Line chart of Franc per euro showing Swiss franc hit a five-year high in May

Switzerland ready to hold down franc with sharper interventions

The Swiss National Bank said it was ready to accelerate huge interventions in foreign currency markets as successive bouts of economic uncertainty have placed upward pressure on the franc.

Despite a smaller than expected hit to Switzerland’s economy from the coronavirus pandemic in the first half of the year — GDP contracted just 5 per cent — the bank said it intended to pursue its ultra-expansionary monetary policy for the foreseeable future.

“The SNB’s expansionary monetary policy is necessary to ensure appropriate monetary conditions in Switzerland and to stabilise economic activity and price developments,” the central bank said in a statement.

“In view of the fact that the Swiss franc is still highly valued, the SNB remains willing to intervene more strongly in the foreign exchange market.”

Switzerland’s currency is considered by many investors to be a haven and typically appreciates strongly during times of global strife.

Analysts at Credit Suisse this week estimated the SNB has sold more than $98bn worth of Swiss francs in the first half of this year alone — the central bank’s most aggressive effort to suppress Switzerland’s currency.

The franc rose to a five-year high against the euro in May but has weakened somewhat since then. One euro recently fetched SFr1.078.

The SNB said it would more regularly publish data on its interventions, with monthly updates to data on monetary-policy related transactions.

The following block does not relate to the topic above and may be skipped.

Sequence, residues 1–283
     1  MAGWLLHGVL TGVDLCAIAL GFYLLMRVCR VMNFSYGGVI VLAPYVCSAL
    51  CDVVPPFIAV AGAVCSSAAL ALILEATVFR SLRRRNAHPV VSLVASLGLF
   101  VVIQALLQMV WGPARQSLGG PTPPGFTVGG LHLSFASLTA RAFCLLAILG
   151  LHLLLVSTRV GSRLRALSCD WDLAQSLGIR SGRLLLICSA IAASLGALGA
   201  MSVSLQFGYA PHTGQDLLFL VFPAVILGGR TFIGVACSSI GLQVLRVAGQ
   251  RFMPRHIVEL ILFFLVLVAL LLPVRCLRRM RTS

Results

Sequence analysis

The bank’s interventions in currency markets have been a cause of international tension: the US has repeatedly threatened to designate Switzerland a currency manipulator. The bank was added to a “watchlist” by the US Treasury in January.

The SNB said earlier this year that market interventions would be its main tool in the near future to try and control inflationary forces on the franc.

Policymakers also on Thursday held the central bank’s main interest rates steady at minus 0.75 per cent. Interest rates have been negative in Switzerland since 2014. They remain the lowest in the world. There is rising political disquiet in the wealthy alpine country about the effect that holding rates below zero for so long may be having on the Swiss economy: pensions funds and savers have been big losers.

The bank’s unorthodox policies have also led to a massive swelling in the size of its balance sheet: the SNB is one of the world’s largest investors, with a portfolio of stocks and bonds larger than that of sovereign wealth funds run by oil and gas-rich states such as Qatar and Abu Dhabi.

The SNB’s holding of foreign currency equities has at times driven bumper paper profits — although officials at the institution stress the chief criteria of their investments is liquidity, and they have no direct interest in making money.

The SNB has repeatedly warned of the dangers of allowing an uncontrolled appreciation of the franc. It does not target a specific price range for the currency, but instead aims to prevent any rapid rise in its value.

A sharp rise in value would be devastating for Switzerland’s large manufacturing and export-oriented industries, the SNB believes.

The franc has been under consistent upward pressure thanks to Switzerland’s status as a safe haven for investors in times of financial stress, and ultra-low rates elsewhere across the developed world, particularly in the eurozone and the US.

The SNB said that while there remained a high degree of uncertainty over the economic outlook, it expected a “strong” recovery in the third quarter for Switzerland.

“The positive development is likely to continue in 2021,” it added.

“In its baseline scenario for the global economy, the SNB anticipates that it will be possible to keep the pandemic under control without a renewed serious impairment of economic activity. The economic recovery should thus continue.”